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What does it cost to be kind? – ‘Carrie: The Musical’

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What does it cost to be kind? – ‘Carrie: The Musical’ (photo courtesy of Some Theatre Company/Elaine Bard)

Some Theatre Company presents musical adaptation of King classic 

ORONO – Modern, bloody, edgy and not for the faint of heart, Some Theatre Company’s production of “Carrie: The Musical” is not just a performance but an experience - one that should not be missed.

Based on the famous Stephen King 1974 horror novel and 1976 movie of the same name, “Carrie: The Musical” – with music by Michael Gore, lyrics by Dean Pitchford and book by Lawrence D. Cohen - tells a tale of what happens when high school bullying goes horribly wrong.

Carrie White (Sylvia Baxter) is a misfit. At school, she’s an outcast who’s bullied by the popular crowd and virtually invisible to everyone else. At home, she’s at the mercy of a loving but cruelly overprotective mother (Kari Stowe). But everything changes when Carrie discovers she’s got a special power … and when pushed too far, she’s not afraid to use it. 

“Carrie: The Musical” is an immersive experience, superbly directed by Elaine Bard with crisp musical direction from Jason Wilkes. From the moment the audience walks into the Keith Anderson Community House, they enter Carrie’s world. Audience members are inches away from the action and in some scenes part of the story. This is a kind of theater experience that theatergoers have likely never experienced before.

Throughout the show, Baxter nails a powerhouse rendering as misfit protagonist Carrie White. Baxter becomes instantly relatable thanks to her character’s clear and sad desire for acceptance. That need is shown in her opening scene and solo “Carrie.” Her character’s transition throughout the show is stupendous. Baxter’s last song - titled “Destruction” - will send shivers of pure terror down your spine.

Stowe is hair-raisingly spectacular as Margaret White, Carrie’s mother. Stowe grabs the audience’s attention with her powerful operatic voice and disturbing religious devotion. Stowe’s duet with Baxter on “I Remember How Those Boys Could Dance” features beautiful harmonies while also being immensely frightening.

As the show narrator, Mikayla Burridge gives a magnificent performance as compassionate student Sue Snell. Burridge makes a puritan character that could turn excessively sweet in less talented hands into a consciously conflicted character. Her solo “Once You See” is a touching performance in Act I.

Robert Brangwynne is entirely wholesome as Sue’s boyfriend Tommy Ross. Brangwynne’s smooth and honeyed voice paired with Burridge’s as they duetted on “You Shine” in Act II; the number put a smile on every audience member’s face.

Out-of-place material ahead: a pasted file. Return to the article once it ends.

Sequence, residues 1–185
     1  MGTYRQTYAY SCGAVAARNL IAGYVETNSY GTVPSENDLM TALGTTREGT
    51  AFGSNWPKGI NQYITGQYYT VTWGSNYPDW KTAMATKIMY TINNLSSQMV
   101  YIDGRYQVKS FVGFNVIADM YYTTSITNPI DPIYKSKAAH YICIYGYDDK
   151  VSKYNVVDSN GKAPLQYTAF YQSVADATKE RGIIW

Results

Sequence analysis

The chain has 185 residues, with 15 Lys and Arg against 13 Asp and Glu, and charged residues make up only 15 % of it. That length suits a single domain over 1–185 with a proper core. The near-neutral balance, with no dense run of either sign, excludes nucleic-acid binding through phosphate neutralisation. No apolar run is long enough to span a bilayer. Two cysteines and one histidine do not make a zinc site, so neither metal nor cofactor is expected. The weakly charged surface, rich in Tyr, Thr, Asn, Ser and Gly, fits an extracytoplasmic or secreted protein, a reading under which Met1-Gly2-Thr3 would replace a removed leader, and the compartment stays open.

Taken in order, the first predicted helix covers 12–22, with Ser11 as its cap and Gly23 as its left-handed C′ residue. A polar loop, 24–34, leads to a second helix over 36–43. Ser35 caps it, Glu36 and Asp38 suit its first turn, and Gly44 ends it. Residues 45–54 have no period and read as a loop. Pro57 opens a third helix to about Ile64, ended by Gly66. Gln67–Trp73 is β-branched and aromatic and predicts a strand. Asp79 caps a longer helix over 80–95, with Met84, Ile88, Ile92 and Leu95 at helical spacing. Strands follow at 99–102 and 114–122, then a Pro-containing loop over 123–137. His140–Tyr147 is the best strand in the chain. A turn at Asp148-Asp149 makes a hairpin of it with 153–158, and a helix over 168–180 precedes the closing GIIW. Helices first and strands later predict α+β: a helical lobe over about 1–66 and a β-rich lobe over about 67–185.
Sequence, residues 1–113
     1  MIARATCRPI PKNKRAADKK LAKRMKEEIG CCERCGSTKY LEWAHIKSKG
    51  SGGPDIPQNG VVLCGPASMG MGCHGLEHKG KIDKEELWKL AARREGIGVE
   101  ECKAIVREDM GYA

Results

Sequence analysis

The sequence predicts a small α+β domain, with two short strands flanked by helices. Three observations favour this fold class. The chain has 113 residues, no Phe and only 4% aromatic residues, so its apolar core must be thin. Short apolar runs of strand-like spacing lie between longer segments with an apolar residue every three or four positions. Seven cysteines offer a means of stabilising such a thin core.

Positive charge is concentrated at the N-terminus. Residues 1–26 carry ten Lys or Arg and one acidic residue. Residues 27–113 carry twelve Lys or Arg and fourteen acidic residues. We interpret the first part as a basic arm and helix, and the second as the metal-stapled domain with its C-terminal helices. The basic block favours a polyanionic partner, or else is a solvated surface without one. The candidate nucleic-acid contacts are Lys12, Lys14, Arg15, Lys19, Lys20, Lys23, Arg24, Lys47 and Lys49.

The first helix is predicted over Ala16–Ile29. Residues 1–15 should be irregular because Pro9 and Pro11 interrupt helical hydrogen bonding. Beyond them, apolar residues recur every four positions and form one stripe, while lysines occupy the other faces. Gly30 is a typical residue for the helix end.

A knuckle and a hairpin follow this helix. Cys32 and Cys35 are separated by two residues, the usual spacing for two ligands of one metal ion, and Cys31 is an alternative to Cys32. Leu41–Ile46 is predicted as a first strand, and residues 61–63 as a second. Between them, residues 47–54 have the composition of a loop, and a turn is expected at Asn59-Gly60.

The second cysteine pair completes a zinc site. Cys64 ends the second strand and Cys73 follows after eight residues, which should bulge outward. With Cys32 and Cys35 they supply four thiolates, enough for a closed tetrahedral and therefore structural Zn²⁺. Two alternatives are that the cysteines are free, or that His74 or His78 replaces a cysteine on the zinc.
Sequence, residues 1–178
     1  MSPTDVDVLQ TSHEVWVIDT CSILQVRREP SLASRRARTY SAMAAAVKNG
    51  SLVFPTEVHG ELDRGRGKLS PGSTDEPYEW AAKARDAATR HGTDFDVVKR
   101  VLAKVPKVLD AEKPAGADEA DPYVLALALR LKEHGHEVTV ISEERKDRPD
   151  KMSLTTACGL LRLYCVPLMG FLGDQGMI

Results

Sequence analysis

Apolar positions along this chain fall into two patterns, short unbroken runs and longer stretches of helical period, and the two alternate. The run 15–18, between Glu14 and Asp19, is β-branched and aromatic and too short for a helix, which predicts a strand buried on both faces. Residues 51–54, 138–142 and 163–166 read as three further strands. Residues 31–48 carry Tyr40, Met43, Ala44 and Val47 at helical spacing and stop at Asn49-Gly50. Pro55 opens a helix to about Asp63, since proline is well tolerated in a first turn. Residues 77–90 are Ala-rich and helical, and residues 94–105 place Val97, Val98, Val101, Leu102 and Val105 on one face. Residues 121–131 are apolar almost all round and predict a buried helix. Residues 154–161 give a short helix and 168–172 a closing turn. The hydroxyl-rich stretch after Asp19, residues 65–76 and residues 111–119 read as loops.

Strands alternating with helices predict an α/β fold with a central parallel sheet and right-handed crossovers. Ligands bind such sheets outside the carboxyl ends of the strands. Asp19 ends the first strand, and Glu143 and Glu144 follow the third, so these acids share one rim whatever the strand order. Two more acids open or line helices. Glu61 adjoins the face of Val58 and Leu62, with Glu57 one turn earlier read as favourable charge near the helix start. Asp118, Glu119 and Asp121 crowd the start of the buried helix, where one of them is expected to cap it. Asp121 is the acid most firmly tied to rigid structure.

Nichole Sparlin gives a captivatingly evil display as Chris, the spoiled, conceited student who torments Carrie and quickly becomes the character the audience loves to hate. Sparlin also exhibits some fantastically seductive dance moves along the way.

The choreography – courtesy of Becca Tinkham - is fluid and eye-catching. When was the last time you saw a song and dance about the slaughtering of a pig? You’ll definitely see one in “Carrie: The Musical.” And every full-cast dance number provides astonishing imagery while still looking slightly treacherous and disorienting. The ensemble features Daniel J. Legere, Erryn Bard, Natasha Clement, Nicolette Aliano, Logan Bard, Quinn Bard and Juno Buendia – all of whom contribute mightily and significantly to the overall production.

It should be made clear that none of these astounding performances would be possible without the phenomenal technical effects, lighting and set design by Elaine Bard and Gerry Bard. The eerie gym backdrop creates a horror movie vibe and the lighting effects in creepy shades of red and various patterns complete the effect. Without revealing too much, the technical effects during the climax of the show are realistically startling and well worth the price of admission alone.

(Also, it’s worth noting that every audience member is entered into a raffle to win a copy of the novel “Carrie” – one signed by author Stephen King himself.)

Prepare yourself for a night filled with thrills, chills and spills when you attend Some Theatre Company’s production of “Carrie: The Musical.” The show runs through November 12 at the Keith Anderson Community House, located at 19 Bennoch Road in Orono. Tickets can be purchased at the door or online at 


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